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The Head of Maintenance and Engineering of Ghana International Airline (GIA), Mr. Len Hobbs, has in a damaging document revealed that there was a drug ring operating within the airline, which enjoyed official protection of the management of the airline.
Mr. Hobbs, who is a respected aviation engineer, has said in an exclusive document in the possession of The Enquirer that there were staff of the airline who were working for a drug cartel and who enjoyed official protection from the GIA management.
According to Mr. Hobbs, in some instances when drugs were found on the plane, the management seized the drugs and kept mute of the deals.
“There were several incidents of illegal drugs being discovered by the company ground servicing personnel and subsequently seized by GIA management and never reported,” he said.
Continuing, he noted that on certain occasions, “GIA employees were caught selling baggage weight waivers for personal gain, illegal drugs and precious metal smuggling, went unreported.”
Mr. Hobbs, in a confidential document said the management of Ghana International Airline (GIA), “purposefully avoided security and contraband inspection for departing flights,” in spite of repeated efforts to tighten and expand inspections by Laddie Diaz, the Cuban-American man who served as the Head of Security for the Airline.
Mr. Hobbs observed that, instead of the management of the airline encouraging the Head of Security, “His efforts were dismissed and thwarted by GIA management “ He continued that the omission of responsibility continued until 2006, when the Head of Security resigned and left Ghana.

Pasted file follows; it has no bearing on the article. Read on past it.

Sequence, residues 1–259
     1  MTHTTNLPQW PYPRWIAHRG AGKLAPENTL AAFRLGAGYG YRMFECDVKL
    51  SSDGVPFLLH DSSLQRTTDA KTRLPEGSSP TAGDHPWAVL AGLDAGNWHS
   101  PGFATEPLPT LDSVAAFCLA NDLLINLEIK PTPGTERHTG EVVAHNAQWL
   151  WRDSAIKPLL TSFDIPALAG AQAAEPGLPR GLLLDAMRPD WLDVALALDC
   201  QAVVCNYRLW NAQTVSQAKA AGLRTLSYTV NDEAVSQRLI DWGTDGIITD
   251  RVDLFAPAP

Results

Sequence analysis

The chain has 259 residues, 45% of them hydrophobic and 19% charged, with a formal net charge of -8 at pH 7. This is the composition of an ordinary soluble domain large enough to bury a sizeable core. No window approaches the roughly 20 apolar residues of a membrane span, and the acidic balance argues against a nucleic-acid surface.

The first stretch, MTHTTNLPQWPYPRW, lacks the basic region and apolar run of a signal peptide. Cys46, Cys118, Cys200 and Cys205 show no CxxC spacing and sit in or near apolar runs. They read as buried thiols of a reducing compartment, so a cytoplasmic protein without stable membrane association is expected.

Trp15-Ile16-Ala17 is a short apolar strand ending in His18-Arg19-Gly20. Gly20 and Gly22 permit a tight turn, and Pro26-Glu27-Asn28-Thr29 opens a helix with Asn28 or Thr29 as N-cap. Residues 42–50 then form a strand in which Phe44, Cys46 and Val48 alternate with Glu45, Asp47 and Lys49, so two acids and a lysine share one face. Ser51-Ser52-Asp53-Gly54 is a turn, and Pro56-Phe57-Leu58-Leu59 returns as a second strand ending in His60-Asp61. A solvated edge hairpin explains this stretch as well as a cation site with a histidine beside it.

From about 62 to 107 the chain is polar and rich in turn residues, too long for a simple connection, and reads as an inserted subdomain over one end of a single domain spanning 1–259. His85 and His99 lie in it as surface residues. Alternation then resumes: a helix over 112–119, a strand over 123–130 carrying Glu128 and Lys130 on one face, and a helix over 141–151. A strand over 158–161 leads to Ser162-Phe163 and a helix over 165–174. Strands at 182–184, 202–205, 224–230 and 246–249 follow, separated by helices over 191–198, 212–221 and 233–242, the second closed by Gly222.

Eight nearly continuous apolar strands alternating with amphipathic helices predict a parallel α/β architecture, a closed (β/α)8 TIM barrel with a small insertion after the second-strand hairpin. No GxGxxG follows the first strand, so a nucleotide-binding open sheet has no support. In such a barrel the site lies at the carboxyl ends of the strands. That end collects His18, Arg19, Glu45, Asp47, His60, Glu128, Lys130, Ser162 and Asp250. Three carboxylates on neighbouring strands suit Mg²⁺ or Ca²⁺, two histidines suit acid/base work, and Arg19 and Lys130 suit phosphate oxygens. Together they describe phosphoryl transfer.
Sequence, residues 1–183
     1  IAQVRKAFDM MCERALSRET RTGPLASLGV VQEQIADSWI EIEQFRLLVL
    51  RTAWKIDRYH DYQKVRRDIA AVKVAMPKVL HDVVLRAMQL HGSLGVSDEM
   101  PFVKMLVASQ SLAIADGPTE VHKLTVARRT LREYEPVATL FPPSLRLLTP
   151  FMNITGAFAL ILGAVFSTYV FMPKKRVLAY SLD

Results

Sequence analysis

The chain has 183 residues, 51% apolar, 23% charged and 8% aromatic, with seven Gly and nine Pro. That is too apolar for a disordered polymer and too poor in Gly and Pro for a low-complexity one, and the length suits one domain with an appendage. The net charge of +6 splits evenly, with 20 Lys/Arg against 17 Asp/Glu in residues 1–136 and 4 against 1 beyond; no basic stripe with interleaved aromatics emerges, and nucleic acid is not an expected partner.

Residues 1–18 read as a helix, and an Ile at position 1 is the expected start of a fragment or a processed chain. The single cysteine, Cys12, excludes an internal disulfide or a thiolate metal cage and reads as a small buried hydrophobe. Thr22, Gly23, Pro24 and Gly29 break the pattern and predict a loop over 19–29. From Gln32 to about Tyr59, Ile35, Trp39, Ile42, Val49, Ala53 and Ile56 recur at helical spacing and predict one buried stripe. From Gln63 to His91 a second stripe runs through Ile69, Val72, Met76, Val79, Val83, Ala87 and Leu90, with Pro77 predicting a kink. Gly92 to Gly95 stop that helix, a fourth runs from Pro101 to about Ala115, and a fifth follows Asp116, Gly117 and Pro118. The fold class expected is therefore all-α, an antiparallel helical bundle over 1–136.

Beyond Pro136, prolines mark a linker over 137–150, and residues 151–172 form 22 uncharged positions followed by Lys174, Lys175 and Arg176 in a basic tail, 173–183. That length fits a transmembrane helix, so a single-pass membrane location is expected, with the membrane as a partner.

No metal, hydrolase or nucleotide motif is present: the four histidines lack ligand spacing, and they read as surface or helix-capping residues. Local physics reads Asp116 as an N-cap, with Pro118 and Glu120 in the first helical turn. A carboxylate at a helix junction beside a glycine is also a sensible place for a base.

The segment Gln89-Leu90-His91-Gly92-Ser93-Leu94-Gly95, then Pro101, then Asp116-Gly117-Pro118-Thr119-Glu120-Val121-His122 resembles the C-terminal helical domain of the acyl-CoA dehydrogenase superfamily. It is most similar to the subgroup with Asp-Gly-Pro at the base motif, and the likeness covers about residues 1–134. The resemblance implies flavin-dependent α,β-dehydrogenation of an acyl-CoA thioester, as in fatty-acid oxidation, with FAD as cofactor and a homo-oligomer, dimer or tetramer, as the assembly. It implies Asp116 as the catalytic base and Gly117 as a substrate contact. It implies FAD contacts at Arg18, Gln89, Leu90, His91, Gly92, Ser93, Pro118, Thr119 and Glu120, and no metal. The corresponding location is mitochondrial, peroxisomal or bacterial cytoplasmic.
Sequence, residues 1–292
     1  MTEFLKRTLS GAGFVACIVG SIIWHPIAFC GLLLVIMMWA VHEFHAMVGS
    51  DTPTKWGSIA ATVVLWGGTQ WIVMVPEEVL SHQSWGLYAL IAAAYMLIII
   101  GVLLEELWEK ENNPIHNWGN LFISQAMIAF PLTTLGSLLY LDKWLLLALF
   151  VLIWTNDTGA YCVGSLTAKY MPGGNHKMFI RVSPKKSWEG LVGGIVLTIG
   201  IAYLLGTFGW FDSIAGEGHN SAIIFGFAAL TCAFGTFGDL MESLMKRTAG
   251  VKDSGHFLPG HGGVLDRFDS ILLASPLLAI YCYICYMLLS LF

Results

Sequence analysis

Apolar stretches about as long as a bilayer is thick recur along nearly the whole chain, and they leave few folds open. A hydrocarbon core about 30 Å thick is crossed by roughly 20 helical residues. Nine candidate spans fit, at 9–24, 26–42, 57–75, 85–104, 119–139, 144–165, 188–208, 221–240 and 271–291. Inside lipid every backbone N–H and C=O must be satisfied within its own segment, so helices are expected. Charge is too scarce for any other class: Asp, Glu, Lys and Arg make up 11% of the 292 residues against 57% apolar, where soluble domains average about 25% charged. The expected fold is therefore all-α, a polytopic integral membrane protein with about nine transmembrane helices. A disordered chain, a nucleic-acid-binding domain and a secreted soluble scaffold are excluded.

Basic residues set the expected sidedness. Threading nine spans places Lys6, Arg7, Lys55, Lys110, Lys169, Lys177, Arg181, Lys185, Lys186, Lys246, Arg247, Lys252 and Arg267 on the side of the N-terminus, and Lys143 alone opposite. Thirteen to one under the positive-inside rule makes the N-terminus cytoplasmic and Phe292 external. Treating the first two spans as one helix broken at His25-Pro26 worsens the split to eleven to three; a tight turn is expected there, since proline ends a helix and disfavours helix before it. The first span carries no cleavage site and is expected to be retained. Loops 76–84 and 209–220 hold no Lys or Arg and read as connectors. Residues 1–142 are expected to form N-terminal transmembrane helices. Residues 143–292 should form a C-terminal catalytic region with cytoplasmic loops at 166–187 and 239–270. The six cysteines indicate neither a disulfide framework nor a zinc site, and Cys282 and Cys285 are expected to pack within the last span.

Mr. Hobbs noted also that, during the period when the drug cartel was using the airline for their business, “baggage inspections decreased, contrabands violations increased and went unreported”
The maintenance engineer who no longer works for the now nearly defunct airline said in the confidential documents that “GIA will never be respected and accepted as an international airline unless and until the security and inspection programs are fully implemented and enforced.”
Mr. Hobbs, who hails from the United States noted that the “entire GIA/USA approach to operating an airline was a ‘PONZI’ scheme which was never intended to be the business plan the company would hopefully and eventually evolve into” A Ponzi scheme is an investment fraud that involves the payment of purported returns to existing investors from funds contributed by new investors. Ponzi scheme organizers often solicit new investors by promising to invest funds in opportunities claimed to generate high returns with little or no risk. In many Ponzi schemes, the fraudsters focus on attracting new money to make promised payments to earlier-stage investors and to use for personal expenses, instead of engaging in any legitimate investment activity.
Mr. Hobbs went on to state that the Sentry Group who had lied about their ability to bring several aircrafts on board the transaction “never had the funding to launch an airline. They never put any money into the company and did not have access to funding. They left Ghana with more than $3M fraudulently diverted into their accounts.”
Mr. Hobbs was of the opinion that, the original management group of GIA was “ethically corrupt, managerially inept and operationally inexperienced. They took a potentially good business opportunity and chose to operate a corrupt enterprise as opposed to legitimate business. The result is obvious, the correction is optional”
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